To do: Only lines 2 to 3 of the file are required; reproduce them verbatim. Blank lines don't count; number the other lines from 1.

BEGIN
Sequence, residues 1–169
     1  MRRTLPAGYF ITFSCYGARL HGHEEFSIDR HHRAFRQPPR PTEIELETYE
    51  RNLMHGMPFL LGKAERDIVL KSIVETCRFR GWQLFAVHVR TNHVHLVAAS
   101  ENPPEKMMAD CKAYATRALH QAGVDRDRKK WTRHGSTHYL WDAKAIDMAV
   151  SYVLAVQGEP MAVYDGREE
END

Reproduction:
     1  MRRTLPAGYF ITFSCYGARL HGHEEFSIDR HHRAFRQPPR PTEIELETYE
    51  RNLMHGMPFL LGKAERDIVL KSIVETCRFR GWQLFAVHVR TNHVHLVAAS